As a Bankruptcy attorney, sometimes we see everything through our limited lenses, and of course, when it comes to debt, since our tool is a hammer, every problem resembles a nail.
But the truth is that you always have non-bankruptcy options to settle debt, but most people are often intimidated about trying them.
First, you need to keep in mind that when a qualified Bankruptcy attorney is evaluating your situation, they are looking at the big picture. By that I mean, they are looking at all of your debt, not just the creditors that are bothering you at the moment. We also analyze your income and expenses to see if non-Bankruptcy options are actually feasible. It is not uncommon for someone to spend thousands of dollars clearing up debt, only to hit a roadblock with one or two large creditors and find that they have to still file for Bankruptcy.
But let's say that Bankruptcy really isn't a good option for you. What about debt settlement? How do you go about doing it? Is it even a good idea? Let's handle the first question here, and I'll tackle the second question in my next blog post.
Is debt settlement a good idea? Of course, it is. Anytime you can eliminate debt that is a good thing. The problem comes into play in the details.
At the outset, (and you have heard this a million times), be wary of scams. Scam artists have become very elaborate and sophisticated. In one recent case, I had a client whose home was going into foreclosure. They came to see me about a Bankruptcy to stop the foreclosure and I laid out their options. Then out the blue, they got a very sophisticated packet of material that looks like it came from their mortgage company. The letterhead looked right, and all of their information seemed correct and it offered them the option of paying three installments of $3,000 each to stop the foreclosure. They did not consult with me, and decided to take the offer instead of filing for Ch. 13 Bankruptcy. I was unaware of the offer and I assumed that they had made other arrangements rather than hiring me. A few months later they called me and asked to see me at my office. When they arrived, they asked me why they received a notice that their home had been foreclosed. They showed me the paperwork that they sent to the bank and their proof of payment. I called the bank and they said that they had never sent any sort of packet to these people and that the home had foreclosed properly the week before. Unfortunately, I had to inform these nice people that they had been duped.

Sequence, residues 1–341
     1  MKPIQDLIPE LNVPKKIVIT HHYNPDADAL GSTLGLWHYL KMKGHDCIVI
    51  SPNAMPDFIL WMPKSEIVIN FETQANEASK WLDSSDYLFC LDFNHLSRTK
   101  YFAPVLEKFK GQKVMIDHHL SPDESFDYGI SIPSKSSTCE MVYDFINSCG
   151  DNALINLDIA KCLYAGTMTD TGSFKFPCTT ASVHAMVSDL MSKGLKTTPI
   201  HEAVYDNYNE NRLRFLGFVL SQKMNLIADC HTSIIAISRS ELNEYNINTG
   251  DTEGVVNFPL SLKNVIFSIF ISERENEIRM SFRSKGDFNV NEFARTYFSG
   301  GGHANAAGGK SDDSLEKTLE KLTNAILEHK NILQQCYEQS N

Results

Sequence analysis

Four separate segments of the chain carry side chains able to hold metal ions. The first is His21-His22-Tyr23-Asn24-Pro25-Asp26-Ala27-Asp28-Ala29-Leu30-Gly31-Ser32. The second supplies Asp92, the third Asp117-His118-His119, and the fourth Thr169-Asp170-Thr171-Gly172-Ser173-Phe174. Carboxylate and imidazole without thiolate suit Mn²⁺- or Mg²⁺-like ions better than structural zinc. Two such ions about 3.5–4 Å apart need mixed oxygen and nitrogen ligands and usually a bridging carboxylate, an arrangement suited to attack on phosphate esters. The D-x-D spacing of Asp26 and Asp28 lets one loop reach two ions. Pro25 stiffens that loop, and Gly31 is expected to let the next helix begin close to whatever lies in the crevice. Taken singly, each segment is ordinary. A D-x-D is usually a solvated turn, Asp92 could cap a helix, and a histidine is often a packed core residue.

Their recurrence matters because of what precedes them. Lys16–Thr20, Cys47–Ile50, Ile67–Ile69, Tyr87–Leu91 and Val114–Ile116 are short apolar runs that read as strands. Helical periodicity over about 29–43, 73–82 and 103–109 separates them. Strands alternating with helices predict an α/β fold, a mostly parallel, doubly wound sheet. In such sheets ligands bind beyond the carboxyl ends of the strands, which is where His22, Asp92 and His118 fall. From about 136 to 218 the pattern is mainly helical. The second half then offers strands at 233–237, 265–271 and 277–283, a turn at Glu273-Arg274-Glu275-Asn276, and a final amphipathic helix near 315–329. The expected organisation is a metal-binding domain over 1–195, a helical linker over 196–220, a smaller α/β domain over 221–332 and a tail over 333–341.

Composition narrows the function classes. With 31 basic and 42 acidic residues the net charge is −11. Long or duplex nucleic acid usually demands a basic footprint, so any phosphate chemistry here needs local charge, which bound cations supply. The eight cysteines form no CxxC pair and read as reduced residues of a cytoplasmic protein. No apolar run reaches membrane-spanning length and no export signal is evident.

So, make absolutely sure that you are dealing with the right party. Next, you need to keep in mind that your account may be handled by multiple departments within the same organization, or worse yet, your debt might be being bounced around to various debt collection agencies. You need to make sure that you are dealing with the right party, or they will simply take your money, apply it to the balance, and keep collecting on the remaining balance.
So, let's say that you have made absolutely sure that you are not being scammed, and you are dealing with the right party who is responsible for your account. Now what?